With Ronnie down, Walter realizes he has to turn to Rosie after talking her into going to Portland to gain more on-the-track experience. She has history with Getting’ Up Morning, but Walter's afraid he might derail her development by recalling her so quickly. Walter nervously rehearses his call to Rosie like a middle-schooler about to call a girl for the first time. His interest in Rosie seems to transcend their professional relationship, verging on a weird mix between the paternal and romantic.
As Walter worries over calling Rosie, a broken Ronnie snorts lines in his car and buys a pint of Cutty. Apparently a coked-up, alcoholic jockey with a busted collarbone can be a bit of a racist dick, based on how Ronnie treats the liquor store cashier.
“Guy asks me about a girl I used to see, maybe I still got eyes for her? I tell him she’s got crabs.”
So far the best part of Luck (beyond the acting) has been the storyline about the four degenerates who won a massive jackpot in the first episode. When we last saw them, Jerry, Marcus (Kevin Dunn) and Renzo (Ritchie Coster) were trying to get Lonnie (Ian Hart) to the hospital after two women nearly murdered him. Lonnie's fine except for his broken skull, and with his discharge the four gamblers can focus on buying the horse that won them their fortune.
The interactions between these four lovable losers and the veteran character actors who play them are entertaining, but this episode's step-by-step focus on how they buy their horse was a bit dry and boring. It did give us a better look at Jerry's charming side, though.
Renzo, who remains a total sweetheart, wants to name their stable the Four Amigos. The belligerent Marcus wants to simplify it to the Four A's because then it could also stand for Assholes. Of course, they first need a horse, after losing the claim on Escalante's horse Mon Gateau to a cowboy trainer named Buck Mulligan (W. Earl Brown). Jerry is tasked with striking a deal with Mulligan and also hiring Escalante as trainer.
Jerry pays Escalante for an honest health report on Mon Gateau, but Escalante is still trying to play everybody, telling Jerry that the horse can’t race anymore. Jerry sees through his bullshit, and sets up a deal where Escalanate will be their trainer. He then strikes a deal with Mulligan: $25,000 for the horse and a $7,500 payoff to Mulligan. Jerry even pledges 5% of Mon Gateau's future purses to Renzo's trainer friend Goose (Jeffrey Woody Copland) as a make-good for not hiring him as trainer.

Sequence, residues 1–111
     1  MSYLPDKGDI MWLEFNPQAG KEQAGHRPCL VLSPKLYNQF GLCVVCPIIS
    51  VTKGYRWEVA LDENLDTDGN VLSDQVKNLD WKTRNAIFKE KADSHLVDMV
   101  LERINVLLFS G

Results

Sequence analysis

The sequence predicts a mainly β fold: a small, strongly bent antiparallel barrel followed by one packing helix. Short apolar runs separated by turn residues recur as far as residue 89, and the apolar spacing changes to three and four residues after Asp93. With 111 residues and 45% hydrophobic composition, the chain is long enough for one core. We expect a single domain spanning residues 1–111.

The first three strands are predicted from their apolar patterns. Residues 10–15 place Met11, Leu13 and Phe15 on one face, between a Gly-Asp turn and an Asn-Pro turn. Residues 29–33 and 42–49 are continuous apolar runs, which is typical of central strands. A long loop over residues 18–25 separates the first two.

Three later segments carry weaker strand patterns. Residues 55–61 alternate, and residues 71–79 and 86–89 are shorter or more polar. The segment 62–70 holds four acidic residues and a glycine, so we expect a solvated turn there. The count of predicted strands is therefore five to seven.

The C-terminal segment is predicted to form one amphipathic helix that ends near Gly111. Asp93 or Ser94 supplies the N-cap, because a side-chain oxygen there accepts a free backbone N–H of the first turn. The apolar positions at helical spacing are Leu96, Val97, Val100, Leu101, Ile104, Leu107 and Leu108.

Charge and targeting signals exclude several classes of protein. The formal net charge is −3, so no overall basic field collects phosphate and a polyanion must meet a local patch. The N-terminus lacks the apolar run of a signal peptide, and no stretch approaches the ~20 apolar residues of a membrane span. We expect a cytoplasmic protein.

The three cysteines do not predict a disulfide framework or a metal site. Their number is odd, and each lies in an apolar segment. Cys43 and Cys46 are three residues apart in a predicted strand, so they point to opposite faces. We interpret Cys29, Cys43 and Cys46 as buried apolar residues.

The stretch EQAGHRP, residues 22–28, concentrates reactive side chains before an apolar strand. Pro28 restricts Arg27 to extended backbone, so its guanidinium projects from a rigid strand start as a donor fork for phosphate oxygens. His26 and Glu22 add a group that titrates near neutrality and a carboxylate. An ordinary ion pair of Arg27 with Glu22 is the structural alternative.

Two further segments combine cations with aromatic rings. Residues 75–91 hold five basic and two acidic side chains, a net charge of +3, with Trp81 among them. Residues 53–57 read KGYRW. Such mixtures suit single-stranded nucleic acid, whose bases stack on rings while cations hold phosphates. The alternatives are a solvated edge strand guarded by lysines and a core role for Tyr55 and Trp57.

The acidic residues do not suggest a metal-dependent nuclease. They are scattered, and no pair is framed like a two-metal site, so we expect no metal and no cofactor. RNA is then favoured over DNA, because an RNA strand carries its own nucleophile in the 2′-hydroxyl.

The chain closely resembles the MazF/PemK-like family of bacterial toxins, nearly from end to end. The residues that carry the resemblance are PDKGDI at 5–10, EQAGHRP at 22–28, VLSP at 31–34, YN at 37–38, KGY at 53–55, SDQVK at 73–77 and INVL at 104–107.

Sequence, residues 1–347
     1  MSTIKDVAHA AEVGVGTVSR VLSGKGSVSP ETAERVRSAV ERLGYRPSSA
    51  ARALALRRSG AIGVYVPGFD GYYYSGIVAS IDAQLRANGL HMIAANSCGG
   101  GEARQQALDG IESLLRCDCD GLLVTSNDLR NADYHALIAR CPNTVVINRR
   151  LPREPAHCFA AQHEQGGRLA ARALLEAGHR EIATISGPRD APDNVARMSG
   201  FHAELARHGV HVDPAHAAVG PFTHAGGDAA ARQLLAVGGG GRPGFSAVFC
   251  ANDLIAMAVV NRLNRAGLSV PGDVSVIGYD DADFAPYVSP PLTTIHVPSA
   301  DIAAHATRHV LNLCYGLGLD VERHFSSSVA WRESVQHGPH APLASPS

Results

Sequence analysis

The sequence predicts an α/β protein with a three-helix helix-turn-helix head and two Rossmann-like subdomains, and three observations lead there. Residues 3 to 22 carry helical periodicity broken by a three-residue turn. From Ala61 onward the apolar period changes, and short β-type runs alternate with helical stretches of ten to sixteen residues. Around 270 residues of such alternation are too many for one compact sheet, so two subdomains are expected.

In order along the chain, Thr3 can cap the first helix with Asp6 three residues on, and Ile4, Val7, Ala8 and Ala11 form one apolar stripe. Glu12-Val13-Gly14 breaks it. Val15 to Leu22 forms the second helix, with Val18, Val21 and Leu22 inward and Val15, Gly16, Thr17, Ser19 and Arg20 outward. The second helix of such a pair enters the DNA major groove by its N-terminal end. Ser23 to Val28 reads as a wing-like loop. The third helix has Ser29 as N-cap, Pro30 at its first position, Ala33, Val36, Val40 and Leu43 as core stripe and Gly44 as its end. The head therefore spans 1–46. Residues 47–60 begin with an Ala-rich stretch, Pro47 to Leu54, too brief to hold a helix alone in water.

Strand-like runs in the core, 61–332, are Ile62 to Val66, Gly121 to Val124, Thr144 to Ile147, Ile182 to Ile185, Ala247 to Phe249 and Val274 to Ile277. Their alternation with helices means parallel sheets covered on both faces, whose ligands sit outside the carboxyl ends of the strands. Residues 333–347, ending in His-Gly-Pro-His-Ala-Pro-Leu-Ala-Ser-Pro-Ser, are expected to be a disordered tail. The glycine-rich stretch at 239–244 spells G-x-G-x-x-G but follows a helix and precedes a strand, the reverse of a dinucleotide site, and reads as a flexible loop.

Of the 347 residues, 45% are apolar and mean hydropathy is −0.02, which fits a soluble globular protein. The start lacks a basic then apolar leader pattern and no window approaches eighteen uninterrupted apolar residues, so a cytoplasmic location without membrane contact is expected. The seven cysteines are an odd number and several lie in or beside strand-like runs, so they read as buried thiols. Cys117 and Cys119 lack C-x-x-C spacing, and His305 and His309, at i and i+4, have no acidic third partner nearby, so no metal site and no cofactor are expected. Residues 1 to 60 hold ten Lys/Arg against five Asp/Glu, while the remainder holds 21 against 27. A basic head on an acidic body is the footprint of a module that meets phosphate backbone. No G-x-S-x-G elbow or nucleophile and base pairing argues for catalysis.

It's good to see these four in good spirits after Lonnie's beatdown and Jerry's self-destructive poker sprees. Even the horribly grumpy Marcus is in an unusually good mood in "Episode Three." He and Renzo agree that horse ownership might be a good influence on Jerry, as he’s been avoiding the poker tables; Lonnie, on the other hand, thinks his beating might have been a wake-up call for Jerry.
Lest the hour end on a happy note, though, Jerry returns to the poker tables, buying in large and butting heads with his card shark nemesis Lester (Dennis Dun). It'd be a shock if Jerry's luck doesn't eventually run out, for good.
Another Oscar nominee joins the cast, with Joan Allen making her first appearance as a representative of a thoroughbred rescue organization.
Apparently Escalante’s relationship with veterinarian Jo (Jill Hennessey) had been strained for a few days because he thought she tipped Mulligan off about Mon Gateau in the claiming race.
The first thing Renzo wants to do after dropping thousands of dollars on a race horse is to pet it. There's no way he lives through the season.
Hopefully, every episode ends with Ace and Gus chatting it up while falling asleep in the penthouse. Despite a few references to his violent side, Gus remains Luck's most likable character, after Renzo.